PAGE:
Vaught's Views: Maci Morris Loved Playing, Living In Italy But Now She's Thankful To Be Home
Former Kentucky standout Maci Morris was having a “good time” living and playing professional basketball in Italy before the coronavirus changed all that and now she's just happy to be home in Bell County.
Having the opportunity to play professional basketball in Italy was an experience that former Kentucky basketball star Maci Morris knew would be unlike anything she had done before.
It started out that way, too. She was leading her team in scoring, getting to see and do new things, and basically just having fun.
Then the corornavirus started spreading throughout Italy.
“I was having a good time. It was nice to go around, explore, see different cities, engage in a different culture. It was just fun playing basketball and having fun again with it,” said Morris. “I loved the city of Florence. It was close to my city and me and my roommate had planned to go to some other places before this stuff all hit.”
Morris played for USE Scotti Empoli — about an hour from Florence — since early October and was leading the team in scoring (15.5 points) and minutes )31.6) per game. She also had made a team-high 44 3-pointers and was hitting almost 41 percent from the field. Morris was also adding 4.9 rebounds, 2.3 assists and 1.3 steals per game.
She managed to get home to Bell County last week about 24 hours before the travel ban from Europe went into effect. She decided to put herself into a two-week quarantine even though she’s not been sick to make sure there’s no way she might pass the virus to anyone else.
Her mother, Patti, admitted she got nervous the closer it got to time for her daughter to return home.
“I kept waiting for somebody to jerk the rug out from under her,” Patti Morris said. “I try not to worry until stuff happens. I don’t sweat things until they happen but I am glad to get her home.”
Much of Italy has been under a total lockdown to try and control the spread of the virus. Morris said she was not in the “red zone” that had the most restrictions.
“It had been several weeks since we played a game and they had suspended the season until April 3 and we did not know if we would even play then,” Morris said. “Where I was at you could at least walk around but not in a group of people. The grocery stores were open, and some businesses. But everything shut down at 6 (at night).
“All sporting events were cancelled. I was not even allowed in the gym. They locked us out. I could not lift or anything. This is probably the longest break I’ve had from basketball forever and probably will just not do anything until my two-week quarantine is up.”
Morris, a former Kentucky Miss Basketball, is UK’s sixth all-time leading scorer with 1,692 points and her 252 3-pointers are second all-time. Her 41 percent 3-point career mark is the best at UK.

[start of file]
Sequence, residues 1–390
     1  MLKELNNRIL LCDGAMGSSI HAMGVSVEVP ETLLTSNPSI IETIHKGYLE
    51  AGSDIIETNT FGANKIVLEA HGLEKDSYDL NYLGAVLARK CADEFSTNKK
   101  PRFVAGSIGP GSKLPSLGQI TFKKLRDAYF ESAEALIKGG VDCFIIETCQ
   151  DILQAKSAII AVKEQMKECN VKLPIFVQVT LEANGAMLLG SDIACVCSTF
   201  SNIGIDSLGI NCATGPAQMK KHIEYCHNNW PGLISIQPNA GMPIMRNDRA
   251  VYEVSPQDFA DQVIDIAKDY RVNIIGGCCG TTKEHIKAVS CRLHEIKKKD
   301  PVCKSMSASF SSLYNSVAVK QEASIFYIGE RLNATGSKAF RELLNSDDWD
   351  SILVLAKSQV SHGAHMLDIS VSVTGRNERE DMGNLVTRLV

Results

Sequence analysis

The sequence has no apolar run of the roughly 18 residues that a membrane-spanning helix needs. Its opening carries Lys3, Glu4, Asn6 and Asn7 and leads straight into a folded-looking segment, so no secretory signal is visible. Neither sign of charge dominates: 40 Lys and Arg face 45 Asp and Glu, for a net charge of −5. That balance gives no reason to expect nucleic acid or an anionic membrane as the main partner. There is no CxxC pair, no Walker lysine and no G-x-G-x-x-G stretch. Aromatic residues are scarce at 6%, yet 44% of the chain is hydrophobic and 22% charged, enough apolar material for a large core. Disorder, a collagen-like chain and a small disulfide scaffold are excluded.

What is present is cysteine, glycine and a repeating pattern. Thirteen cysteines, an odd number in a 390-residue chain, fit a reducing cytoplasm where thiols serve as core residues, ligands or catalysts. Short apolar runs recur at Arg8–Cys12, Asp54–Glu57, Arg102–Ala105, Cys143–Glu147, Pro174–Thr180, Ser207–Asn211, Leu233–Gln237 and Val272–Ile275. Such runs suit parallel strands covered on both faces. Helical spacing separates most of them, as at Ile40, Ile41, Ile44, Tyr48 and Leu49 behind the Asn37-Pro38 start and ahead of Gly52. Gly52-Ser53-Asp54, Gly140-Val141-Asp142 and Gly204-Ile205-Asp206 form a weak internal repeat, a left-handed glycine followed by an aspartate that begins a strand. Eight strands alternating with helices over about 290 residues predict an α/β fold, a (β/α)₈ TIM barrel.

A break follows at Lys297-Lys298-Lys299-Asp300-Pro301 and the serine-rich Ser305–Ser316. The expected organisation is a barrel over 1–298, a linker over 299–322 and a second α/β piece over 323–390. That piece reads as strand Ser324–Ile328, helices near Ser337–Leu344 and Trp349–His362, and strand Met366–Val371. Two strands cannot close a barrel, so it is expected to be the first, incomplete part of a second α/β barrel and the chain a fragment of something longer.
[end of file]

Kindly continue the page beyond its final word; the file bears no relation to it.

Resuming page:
Morris is ranked No. 6 on UK women’s all-time scoring list with 1,692 points while her 252 career 3s made ranks second all time. She also hit 41.1 percent of her 3-point tries during her Wildcat career, ranking her at the top of Kentucky’s all-time list in that category.
She had adjustments to make on and off the court in Italy. Some were as simple as no air conditioning and clothes dryer where she lived. Italians also ate dinner nightly at a much later time than Morris was used to and she had some issues with the language.
On the basketball court, games were more sporadic. The team had a 15-day break between games in November and an 11-day break in October. Never did the team play more than two games per week.
Morris said playing in a small town made it easier for fans to interact with her. She would get asked if she played basketball on trips to the grocery store and fans would talk to her about basketball.
“But it was nothing like Kentucky fans,” Morris said.
Morris isn’t sure about her future basketball career. She was an undrafted WNBA free agent who went through training camp with the Washington Mystics last year before getting cut and signing to play in Italy.
“I was playing really well when our season ended,” Morris said. “My body felt really good. I was happy with what I was doing.”
Would she return to Italy again to play?
“Possibly. I don’t know,” Morris said. “It depends on a lot of things. Do I get offered another contract or get a contract offer somewhere else? Do I want to keep playing basketball or not? I am just praying and seeing where God leads me when it is time for me to make a decision about my future.”
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CatsIllustrated publisher Justin Rowland says there’s no doubt that two of UK’s biggest in-state 2021 recruiting targets are offensive lineman Jager Burton and receiver Dekel Crowdus, Frederick Douglas High School teammates.
Burton is a top 250 player nationally and the 6-4, 270-pound lineman has offers from Alabama, Clemson, Ohio State, Oregon, Oklahoma, Texas, Tennessee, West Virginia and others.
“I really think he could be a future NFL player,” Rowland said. “I think Kentucky has a good shot. I have heard he really likes UK. He is a very savvy kid. Some guys do not have a plan and are not organized then you have guys like him who are very calculated. He knows the impact of his words and where he might end up.”
Crowds left Lexington last year to play his junior season at IMG Academy in Florida but is now back.
“He competed against some of the best defensive backs and receivers daily in practice,” Rowland said. “He has been timed sub 4.4 (seconds) in the 40 (yard dash). He has great speed.
“He has to improve his production and route running. He’s probably still a bit raw but he has speed you cannot team and that’s something most staffs have no trouble gambling on.”
He has cut his list of schools to 10: Baylor, Kentucky, Louisville, Ohio State, Virginia Tech, Texas, Michigan, Mississippi, Oklahoma and South Carolina.